Pekka Kuusisto. (Kaapo Kamu/Handout)

The Phillips Collection was once a private home. On Sunday afternoon, the violinist Pekka Kuusisto and the composer-pianist Nico Muhly used it to offer a world-class house concert.

Technically speaking, it wasn’t a house concert. It was the usual Phillips Collection Sunday afternoon performance. But the two musicians brought a sense of such intimacy and spontaneity that a listener felt more a participant than a passive recipient. Each movement of Bach’s second partita, for instance, began as if it were a completely fresh idea that happened to have struck Kuusisto as he stood by the piano. Each progressed as if he were thinking his way through it, musing on what might come next. This music felt every bit as new as the two works by Muhly, one a four-movement essay (“Drones & Violin”), one a shorter sally (“Drones & Piano”).

And it’s a rare performer who can polish off the Chaconne, the final movement of the second partita and one of the towering monuments of the violin repertory, and then flip his Guadagnini around and start strumming it like a banjo as he sings Finnish folk songs. Indeed, it’s a rare performer who can make you want to listen to a Finnish folk song after you’ve heard the Bach — something of which Kuusisto was perfectly aware. “It’s worth staying for,” he told the audience, drawing a laugh.

It was an exquisitely balanced program. Each Bach movement was answered with a work by a living composer, all presented as flip sides of the same coin — so that the end of the Bach Gigue, an exhalation, was immediately followed by the inhalation of the start of Muhly’s second “Drones” piece, in a seamless continuum.

Kuusisto got the attention of Washington audiences with his performances of the Lindberg violin concerto last year with the National Symphony Orchestra. But he didn’t play like a soloist here — more like a poet. The initial movements of the Bach were free of preconceptions about beauty or evenness of sound; they were, instead, an expressive sequence of meditations. They were thus perfectly calibrated to Arvo Pärt’s “Fratres” — one of many versions of this quiet, intricate work, which drifts and tangles a sequence of variations around a six-bar theme. And it yielded naturally to Philip Glass’s “The Orchard,” in which Muhly’s buoyant, elastic playing lent an extra urgency to the repeated three-note skipping figure in the piano.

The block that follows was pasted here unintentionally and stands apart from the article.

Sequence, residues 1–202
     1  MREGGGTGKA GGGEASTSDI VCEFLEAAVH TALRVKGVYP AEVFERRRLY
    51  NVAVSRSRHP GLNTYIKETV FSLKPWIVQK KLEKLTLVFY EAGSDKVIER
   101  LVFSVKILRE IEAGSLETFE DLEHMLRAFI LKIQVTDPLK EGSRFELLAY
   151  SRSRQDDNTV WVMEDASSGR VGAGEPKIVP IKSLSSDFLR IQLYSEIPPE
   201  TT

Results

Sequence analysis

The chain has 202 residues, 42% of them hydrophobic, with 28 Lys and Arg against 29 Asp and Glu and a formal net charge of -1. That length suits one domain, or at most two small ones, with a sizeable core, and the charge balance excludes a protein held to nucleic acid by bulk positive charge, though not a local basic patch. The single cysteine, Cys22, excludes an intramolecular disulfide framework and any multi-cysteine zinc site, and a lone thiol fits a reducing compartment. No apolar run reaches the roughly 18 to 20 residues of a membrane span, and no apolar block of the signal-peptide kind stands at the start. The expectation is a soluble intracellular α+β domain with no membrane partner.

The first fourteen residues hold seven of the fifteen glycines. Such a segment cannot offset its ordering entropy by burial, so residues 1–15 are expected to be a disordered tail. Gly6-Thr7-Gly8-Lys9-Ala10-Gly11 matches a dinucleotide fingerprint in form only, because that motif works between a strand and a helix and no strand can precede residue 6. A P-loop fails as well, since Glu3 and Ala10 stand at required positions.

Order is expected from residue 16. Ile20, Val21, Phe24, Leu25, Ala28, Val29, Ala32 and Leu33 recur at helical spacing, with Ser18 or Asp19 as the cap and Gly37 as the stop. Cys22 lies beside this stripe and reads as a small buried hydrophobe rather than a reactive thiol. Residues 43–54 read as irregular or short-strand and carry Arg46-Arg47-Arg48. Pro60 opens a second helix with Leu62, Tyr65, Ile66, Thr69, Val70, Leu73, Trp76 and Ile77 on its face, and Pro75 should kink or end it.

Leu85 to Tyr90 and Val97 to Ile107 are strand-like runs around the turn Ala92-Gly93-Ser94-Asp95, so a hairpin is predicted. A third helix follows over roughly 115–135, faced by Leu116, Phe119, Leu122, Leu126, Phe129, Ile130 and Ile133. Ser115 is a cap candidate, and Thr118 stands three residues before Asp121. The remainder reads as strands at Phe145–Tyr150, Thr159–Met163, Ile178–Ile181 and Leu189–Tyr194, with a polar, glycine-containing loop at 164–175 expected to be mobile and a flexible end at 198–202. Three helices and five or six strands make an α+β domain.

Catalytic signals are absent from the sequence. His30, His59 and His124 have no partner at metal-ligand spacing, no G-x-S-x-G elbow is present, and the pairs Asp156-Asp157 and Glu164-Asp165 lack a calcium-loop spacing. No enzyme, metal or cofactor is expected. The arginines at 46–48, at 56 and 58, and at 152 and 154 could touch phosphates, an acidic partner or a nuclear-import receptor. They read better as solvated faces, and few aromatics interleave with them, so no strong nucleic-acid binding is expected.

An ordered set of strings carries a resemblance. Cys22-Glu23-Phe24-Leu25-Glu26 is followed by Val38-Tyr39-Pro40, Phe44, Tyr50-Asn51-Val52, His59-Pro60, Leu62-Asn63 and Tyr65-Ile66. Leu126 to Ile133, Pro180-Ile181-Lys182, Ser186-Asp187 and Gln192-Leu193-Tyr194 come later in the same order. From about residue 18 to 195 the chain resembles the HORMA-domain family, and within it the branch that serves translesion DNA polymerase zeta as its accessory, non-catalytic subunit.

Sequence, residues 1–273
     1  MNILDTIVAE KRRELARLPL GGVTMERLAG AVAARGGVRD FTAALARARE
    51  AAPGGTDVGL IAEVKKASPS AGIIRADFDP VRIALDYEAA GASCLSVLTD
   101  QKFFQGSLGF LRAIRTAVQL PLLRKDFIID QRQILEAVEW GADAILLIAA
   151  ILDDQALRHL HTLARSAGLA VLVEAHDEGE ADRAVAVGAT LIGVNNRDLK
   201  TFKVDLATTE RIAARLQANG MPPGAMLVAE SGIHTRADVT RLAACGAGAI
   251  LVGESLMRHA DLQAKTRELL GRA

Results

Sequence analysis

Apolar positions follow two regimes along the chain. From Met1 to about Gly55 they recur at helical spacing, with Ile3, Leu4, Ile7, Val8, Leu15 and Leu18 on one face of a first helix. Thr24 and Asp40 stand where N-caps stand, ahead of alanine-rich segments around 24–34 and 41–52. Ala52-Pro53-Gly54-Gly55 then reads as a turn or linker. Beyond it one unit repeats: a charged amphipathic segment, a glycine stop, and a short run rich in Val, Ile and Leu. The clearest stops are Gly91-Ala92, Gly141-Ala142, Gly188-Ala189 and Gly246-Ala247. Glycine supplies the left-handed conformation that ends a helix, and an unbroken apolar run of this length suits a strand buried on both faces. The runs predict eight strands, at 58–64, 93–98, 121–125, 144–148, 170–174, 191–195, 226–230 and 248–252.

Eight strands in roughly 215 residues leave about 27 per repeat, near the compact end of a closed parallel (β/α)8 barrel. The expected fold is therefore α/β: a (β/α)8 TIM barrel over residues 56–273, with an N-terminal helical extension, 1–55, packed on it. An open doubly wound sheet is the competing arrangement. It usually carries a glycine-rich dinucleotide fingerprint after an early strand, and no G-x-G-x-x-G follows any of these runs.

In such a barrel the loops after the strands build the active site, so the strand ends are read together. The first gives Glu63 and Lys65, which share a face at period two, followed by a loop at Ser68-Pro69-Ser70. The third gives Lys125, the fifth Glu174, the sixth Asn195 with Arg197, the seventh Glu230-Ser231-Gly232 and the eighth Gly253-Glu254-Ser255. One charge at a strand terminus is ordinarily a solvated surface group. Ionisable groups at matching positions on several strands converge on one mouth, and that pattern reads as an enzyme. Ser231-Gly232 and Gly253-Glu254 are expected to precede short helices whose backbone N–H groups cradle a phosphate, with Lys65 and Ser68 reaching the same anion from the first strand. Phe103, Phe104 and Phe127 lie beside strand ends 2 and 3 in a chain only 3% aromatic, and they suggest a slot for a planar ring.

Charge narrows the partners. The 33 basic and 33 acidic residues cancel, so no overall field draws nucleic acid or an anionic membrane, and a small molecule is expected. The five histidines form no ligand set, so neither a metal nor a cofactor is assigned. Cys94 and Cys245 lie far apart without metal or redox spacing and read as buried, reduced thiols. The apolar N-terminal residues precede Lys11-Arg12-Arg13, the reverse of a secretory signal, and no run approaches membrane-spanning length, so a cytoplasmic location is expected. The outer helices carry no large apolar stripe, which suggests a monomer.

Nico Muhly. (Matthew Murphy/Handout)

Muhly is well known as a composer, having most recently made waves when the Metropolitan Opera opened his “Two Boys” last fall. Both of his pieces here were excellent — and they brought his arresting pianism, a less-known arrow in his quiver, to the fore. In a program that had been characterized by repeating patterns, drifting notes and a sense of restraint, the piano suddenly thundered out in a fortissimo, tearing open the mood of the afternoon, revealing a Romantic heart within the afternoon’s patterned, shifting, gentle musical idiom. After the outbursts, Muhly scaled back down, promptly — nothing to see here, folks — but his playing was still all bright colors and high contrasts, albeit hidden in the shades of the dappled musical landscape of the performance as a whole.

Kuusisto, too, couldn’t help showing his hand as a brilliant player, even if the afternoon — by his admission to the audience — was not designed to showcase virtuosity. In the Bach Gigue, between the two Muhly pieces, the quick fingerwork unsheathed a clean, firm sound, like a swordblade, gleaming with light. And the Chaconne partook of both the brilliance and the subtlety.

Often, the final pieces on a program, particularly if they’re in a performer’s own language, convey a sense of relaxation, a look behind the curtain. But the two improvisations on Finnish folk songs that ended this performance seemed rather a seamless extension of an eclectic yet perfectly organic collection of music. The curtain had been down all along. So if Kuusisto chose to strum on his violin and burst into song while Muhly wandered along the edge of a precipice on the keyboard beside him, it was the most reasonable thing in the world. More concerts should end this way — and start this way, and continue this way. If only more musicians were able to pull it off.